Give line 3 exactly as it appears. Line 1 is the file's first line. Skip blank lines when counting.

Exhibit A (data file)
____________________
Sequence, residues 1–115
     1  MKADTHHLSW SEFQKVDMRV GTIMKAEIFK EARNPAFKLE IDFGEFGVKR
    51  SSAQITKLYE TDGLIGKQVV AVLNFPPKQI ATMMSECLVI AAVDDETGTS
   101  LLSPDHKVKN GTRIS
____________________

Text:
    51  SSAQITKLYE TDGLIGKQVV AVLNFPPKQI ATMMSECLVI AAVDDETGTS